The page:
The problem with content is that it erases the individual. In our pursuit for content we become cannibalistic and will take anything to remake it into what we perceive to be our own view or our own image but that’s farce. To take something so blatantly, copy it, recreate it, and redistribute it is a hollow process. Content creators are just selecting from a list of things they feel they need to have in order to have an oeuvre without the time and energy put in or the suffering to understand what something truly means. One might say well it took me a long time to complete this or do that and I’m not arguing that fact, what I am arguing is the authenticity of what’s created. How can hundreds of people on YouTube or elsewhere have similar looking videos and content and claim to be authentic? When you search anything look at the results and analyze how different those results really are. Sure everything looks pretty or falls into a category that says this is something, but what it all truly lacks is a personal authenticity that’s reflective of a human being and not someone who simple copied and pasted what came before them. We’re all guilty of it, that’s how we learn but that’s also why movies today all look the same, are shot the same etc. People haven’t found themselves and companies are content accepting what works. Tell me why no one is copying Guillermo del Toro style? Because he is authentic and his art is a reflection of that and it’s not easy to copy authenticity. I don’t think people truly understand themselves and seek to cover up for that fact by fitting in remaking art and that’s the rub, how can you make art of any kind unless you truly know yourself?
The argument against content is the argument of the dissolution of self. How can everyone be given the same experience? They can’t. You have to find your experience not be given it. The world has to stop selling experiences. Experiences are the unique ways we view something subjectively and that’s what art is subjective. If everyone is gifted the same experience in life are they truly experiences? Did they learn anything about themselves? No. There is no individuality anymore and it’s eating away at our society and at our art. I once asked myself where are all the Kathy Bates and Steve Buscemi’s? The people who stand out amongst the sea of look a-likes. I don’t know if they exist anymore or perhaps they’ve evolved and so should my expectations. But that sentiment is not me reaching into the wonder years and yearning for what was. We can’t find ourselves and embrace ourselves if we’re constantly clamoring to have what someone else has, save for rights, dignity, clothing, food, and shelter but that’s beside the point.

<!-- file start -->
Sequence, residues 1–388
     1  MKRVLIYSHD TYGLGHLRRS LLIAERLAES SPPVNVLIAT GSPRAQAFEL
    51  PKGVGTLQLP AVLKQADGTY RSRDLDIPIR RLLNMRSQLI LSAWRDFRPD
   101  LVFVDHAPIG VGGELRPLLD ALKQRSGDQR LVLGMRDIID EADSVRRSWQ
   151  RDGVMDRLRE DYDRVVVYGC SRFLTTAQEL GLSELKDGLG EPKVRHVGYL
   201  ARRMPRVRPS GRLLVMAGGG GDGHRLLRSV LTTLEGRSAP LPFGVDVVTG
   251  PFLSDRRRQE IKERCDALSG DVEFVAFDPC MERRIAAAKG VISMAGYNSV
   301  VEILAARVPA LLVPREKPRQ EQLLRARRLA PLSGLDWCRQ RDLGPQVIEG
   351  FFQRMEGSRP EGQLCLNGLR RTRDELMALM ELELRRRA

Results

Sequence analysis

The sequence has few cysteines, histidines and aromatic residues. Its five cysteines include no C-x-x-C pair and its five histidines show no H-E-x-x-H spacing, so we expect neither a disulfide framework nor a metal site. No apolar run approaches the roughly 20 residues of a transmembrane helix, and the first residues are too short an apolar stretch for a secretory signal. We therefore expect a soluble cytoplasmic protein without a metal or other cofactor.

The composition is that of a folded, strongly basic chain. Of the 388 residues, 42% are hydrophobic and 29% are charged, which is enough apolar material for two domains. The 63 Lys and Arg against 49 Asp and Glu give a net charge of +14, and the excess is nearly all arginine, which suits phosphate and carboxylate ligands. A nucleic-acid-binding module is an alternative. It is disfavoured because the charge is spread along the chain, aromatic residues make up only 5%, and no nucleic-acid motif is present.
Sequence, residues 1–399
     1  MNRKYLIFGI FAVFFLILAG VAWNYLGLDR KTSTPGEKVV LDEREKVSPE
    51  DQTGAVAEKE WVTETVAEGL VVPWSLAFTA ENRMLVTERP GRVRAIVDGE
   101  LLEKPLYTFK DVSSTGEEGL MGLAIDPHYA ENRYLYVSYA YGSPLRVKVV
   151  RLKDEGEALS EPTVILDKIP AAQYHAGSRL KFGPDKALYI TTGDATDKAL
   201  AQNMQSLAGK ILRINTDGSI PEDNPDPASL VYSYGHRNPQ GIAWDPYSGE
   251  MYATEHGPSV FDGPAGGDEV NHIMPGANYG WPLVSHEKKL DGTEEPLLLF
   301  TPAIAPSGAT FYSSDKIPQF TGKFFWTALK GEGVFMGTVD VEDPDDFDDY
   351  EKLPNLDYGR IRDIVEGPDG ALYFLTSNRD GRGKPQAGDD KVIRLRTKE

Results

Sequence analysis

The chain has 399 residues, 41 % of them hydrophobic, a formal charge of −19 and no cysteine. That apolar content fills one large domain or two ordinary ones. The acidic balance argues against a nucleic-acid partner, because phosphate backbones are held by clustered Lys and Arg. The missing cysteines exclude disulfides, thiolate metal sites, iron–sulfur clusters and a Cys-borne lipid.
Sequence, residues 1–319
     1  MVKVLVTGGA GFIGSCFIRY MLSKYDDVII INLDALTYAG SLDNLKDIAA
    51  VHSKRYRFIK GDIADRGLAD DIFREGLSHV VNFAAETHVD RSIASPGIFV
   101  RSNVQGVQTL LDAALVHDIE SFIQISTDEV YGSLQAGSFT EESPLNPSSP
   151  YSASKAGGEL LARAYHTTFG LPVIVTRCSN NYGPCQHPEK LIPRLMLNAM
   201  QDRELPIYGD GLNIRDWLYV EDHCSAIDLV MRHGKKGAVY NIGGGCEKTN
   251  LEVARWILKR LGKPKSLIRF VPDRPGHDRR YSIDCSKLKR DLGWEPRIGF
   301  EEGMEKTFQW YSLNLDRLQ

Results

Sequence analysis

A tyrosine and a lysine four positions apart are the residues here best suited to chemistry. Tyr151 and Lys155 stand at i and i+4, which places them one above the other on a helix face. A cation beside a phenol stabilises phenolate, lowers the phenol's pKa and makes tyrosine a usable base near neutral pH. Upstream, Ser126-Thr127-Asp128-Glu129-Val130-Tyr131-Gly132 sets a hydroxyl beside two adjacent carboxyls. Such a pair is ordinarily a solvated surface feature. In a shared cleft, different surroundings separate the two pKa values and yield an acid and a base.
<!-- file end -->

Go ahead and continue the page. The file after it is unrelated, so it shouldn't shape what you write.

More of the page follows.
We’ve become so lost that any attack, comment, or conversation has become an attack on the self because we can’t distinguish ourselves from each other. Rationality has died and in its place is emotion that serves to entrench us further. It’s like American flags, they’re everywhere. Did a nation of so called strong patriots just suddenly forget themselves, forget what country they live in? If you have to keep shouting at the top of your lungs how strong or unique you are then you absolutely are not. The reverence for an American flag has dissolved so badly that it’s power as a symbol now means nothing. If the symbol meant something those who hung it wouldn’t have to tell you what it means. Content is the dissolution of the self and the dissolution of art. Without art, ideas are not challenged and everything become stagnant. I apologize if this comes off as any sort of rant. It is not.
Willy Wonka, Charlie, and Grandpa Joe enter the glass elevator. Charlie presses the one button Wonka has never pushed and the device rumbles to life. Anticipation and excitement beam across the faces of the occupants when suddenly the elevator heaves off leaving the floor and the occupants resting on the ground. Willy Wonka, Charlie, and Grandpa Joe stare bewilderingly up into the sky as the great glass elevator careens into the heavens never to be see again. The end.